Dyslexia: Causes, Symptoms, Treatment and General information in Urdu

Dyslexia is a common learning ailment that in particular affects the way people read and spell words.

Dyslexia aam taur par bachon main pai janay wali bemari hai, is ka taluq Zahan say aur wirasat say hai. Is zahni bemari ko munasib ilaj aur nafsiati taleem o tarbiat say theek kia ja sakta hai.

Signs and symptoms

Dyslexia is known as a spectrum disorder, with symptoms ranging from mild to severe. People having dyslexia problem have particular difficulty with:

Phonological awareness:  Phonological awareness is  a key skill in early reading and spelling development. It is the ability to identify how words are composed of smaller units of sound, known as phonemes. Changes in the sounds that form words can lead to changes in their meaning.

For instance, a child with a good level of phonological awareness would understand that if you change the letter "p" in the word "pat" to "s", the word will become "sat".


dyslexia child

Verbal memory: Verbal memory is the skill to remember a sequence of verbal information for a short period of time. For instance, the capability to remember a short list such as "red, blue, green", or a set of simple instructions, such as "Put on your gloves and your cap, find the keys of the car and then go to the park."

Rapid serial naming: This is the ability to name a series of colours, objects or numbers as fast as possible.

Verbal processing speed: Verbal processing speed is the time taken for processing and recognizing familiar verbal information, such as letters and digits.

For instance, someone with an ideal verbal processing speed has the skill to quickly write down unfamiliar words when they are spelled out, or write down telephone numbers they are told.


dyslexia graphic

Dyslexia and intelligence:

Dyslexia generally can only affect some skills and abilities, and is not linked to a person's general level of intelligence. Children of all mental abilities, from low to high intelligence, can be affected by dyslexia. In the same manner,  a child with dyslexia has the problem with reading and spelling is not determined by their intelligence, but by how severe their dyslexia is. Children with normal or average intelligence and mild dyslexia are likely to be more skilled at reading and writing than children with high intelligence and more severe dyslexia.

How common is dyslexia?

Dyslexia affects people of all social or ethnic backgrounds; however, a person’s mother language can play an important role in the condition. For example, dyslexia is less challenging in languages with consistent rules around pronunciation, such as Italian and Spanish.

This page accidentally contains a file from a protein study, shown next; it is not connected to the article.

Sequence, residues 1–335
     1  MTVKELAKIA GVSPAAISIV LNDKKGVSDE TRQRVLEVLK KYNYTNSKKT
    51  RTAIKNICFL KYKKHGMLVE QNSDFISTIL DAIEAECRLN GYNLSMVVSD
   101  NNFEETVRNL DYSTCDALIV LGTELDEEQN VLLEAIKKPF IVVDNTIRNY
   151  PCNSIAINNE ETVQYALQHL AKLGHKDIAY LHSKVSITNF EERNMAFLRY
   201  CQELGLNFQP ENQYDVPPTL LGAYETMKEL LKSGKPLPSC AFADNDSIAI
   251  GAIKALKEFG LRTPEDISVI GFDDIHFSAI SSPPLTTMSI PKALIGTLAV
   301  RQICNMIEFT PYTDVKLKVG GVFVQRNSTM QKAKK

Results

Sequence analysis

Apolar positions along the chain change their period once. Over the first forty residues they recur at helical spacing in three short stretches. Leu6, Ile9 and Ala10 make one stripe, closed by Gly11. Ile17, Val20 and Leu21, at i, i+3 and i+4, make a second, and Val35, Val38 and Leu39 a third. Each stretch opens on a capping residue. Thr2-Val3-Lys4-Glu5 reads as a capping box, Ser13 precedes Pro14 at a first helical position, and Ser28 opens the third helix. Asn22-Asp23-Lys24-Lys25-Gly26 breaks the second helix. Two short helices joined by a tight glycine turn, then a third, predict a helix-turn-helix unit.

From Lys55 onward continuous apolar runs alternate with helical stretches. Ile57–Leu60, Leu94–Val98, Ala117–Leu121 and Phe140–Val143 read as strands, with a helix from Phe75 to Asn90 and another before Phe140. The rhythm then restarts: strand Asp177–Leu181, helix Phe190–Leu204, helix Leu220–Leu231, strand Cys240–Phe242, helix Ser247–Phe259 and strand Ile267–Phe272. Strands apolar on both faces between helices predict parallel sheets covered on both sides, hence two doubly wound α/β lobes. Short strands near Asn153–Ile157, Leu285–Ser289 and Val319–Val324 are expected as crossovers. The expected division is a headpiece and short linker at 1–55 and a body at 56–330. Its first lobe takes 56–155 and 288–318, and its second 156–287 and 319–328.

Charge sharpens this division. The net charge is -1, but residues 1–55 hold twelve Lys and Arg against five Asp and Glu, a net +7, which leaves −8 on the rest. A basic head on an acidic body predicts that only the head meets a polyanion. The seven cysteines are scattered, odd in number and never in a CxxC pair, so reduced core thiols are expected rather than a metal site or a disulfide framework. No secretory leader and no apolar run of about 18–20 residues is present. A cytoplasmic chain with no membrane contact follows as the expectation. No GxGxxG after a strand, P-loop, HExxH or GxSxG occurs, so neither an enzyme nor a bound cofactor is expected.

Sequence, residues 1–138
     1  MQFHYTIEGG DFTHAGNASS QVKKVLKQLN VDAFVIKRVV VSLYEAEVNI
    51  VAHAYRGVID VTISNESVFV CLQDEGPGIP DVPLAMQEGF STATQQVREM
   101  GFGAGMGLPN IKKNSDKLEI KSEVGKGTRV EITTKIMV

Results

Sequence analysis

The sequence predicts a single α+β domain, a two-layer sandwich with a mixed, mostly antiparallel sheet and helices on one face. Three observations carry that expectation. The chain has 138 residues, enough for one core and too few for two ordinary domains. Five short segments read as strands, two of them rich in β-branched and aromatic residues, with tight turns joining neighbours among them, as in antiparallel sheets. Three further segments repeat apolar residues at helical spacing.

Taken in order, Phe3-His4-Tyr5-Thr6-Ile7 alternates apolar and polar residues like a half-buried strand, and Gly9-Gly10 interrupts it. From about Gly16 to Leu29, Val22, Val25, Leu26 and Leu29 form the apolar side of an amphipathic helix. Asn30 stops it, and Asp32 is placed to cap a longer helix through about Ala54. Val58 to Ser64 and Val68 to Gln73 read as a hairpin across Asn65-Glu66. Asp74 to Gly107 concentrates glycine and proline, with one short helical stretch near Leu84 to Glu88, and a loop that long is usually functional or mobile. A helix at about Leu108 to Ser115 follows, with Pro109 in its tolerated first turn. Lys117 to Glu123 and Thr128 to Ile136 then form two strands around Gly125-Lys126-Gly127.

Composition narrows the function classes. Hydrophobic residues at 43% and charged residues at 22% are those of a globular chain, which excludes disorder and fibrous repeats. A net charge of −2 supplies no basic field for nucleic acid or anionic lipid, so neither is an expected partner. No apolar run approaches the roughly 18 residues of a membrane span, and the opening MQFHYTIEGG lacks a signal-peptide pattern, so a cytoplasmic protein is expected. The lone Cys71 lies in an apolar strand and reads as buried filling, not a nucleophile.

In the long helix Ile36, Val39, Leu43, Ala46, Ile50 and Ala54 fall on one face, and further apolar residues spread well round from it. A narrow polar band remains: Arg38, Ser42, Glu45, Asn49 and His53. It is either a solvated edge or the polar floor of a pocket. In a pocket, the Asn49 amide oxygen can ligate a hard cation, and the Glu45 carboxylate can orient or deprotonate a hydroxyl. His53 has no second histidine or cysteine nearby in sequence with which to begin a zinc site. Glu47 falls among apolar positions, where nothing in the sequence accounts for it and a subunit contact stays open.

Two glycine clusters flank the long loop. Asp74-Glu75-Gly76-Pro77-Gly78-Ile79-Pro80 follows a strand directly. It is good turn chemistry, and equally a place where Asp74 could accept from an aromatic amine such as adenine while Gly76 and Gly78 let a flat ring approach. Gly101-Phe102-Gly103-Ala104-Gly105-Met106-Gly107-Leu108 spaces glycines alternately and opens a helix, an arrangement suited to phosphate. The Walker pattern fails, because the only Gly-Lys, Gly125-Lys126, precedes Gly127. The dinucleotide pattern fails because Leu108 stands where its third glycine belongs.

Languages for example English, where there is often no visible connection between the written form and sound (for example, words such as "cough"and "dough"), can be more problematic for a person with dyslexia.


dyslexic mind

What causes dyslexia?

The pinpoint cause of dyslexia is unknown, but it's seen more commonly in families. Six genes have been recognized that may be behind the condition, four of which affect the way the brain is formed during early life. Special brain scans (functional magnetic resonance imaging (MRI) scans) also show there is decreased function of one area towards the back of the brain, called the occipito-temporal cortex.

Identifying dyslexia

It can be difficult to recognize dyslexia in young children as the signs are not always clear. If you think your child has dyslexia, the first step is to speak to their teacher or the school’s special needs care taker. Bringing out your child’s strengths (such as picture puzzles or maths) as well as their difficulties can be helpful.

If your child does not make any progress when offered the support, the school may request a more in-depth assessment from either a specialist teacher or educational psychologist. It is also a good idea to request private assessments, either directly from an educational psychologist or through voluntary organisations.


cause of dyslexia

Treating dyslexia:

Although dyslexia is a lifelong issue, a range of educational programmes and interventions are very much effective in improving reading and writing skills in many children with the condition. Research shows that the earlier appropriate interventions are adopted, the better it would be.

Most children give a positive response to educational interventions and  make progress with reading and writing, although some children continue to find reading and writing difficult and will require more intensive support and long-term  help to learn strategies for managing their difficulties.



Children with dyslexia go on facing challenges on a day-to-day basis, but even children who have severe dyslexia can go on to lead full and productive lives.

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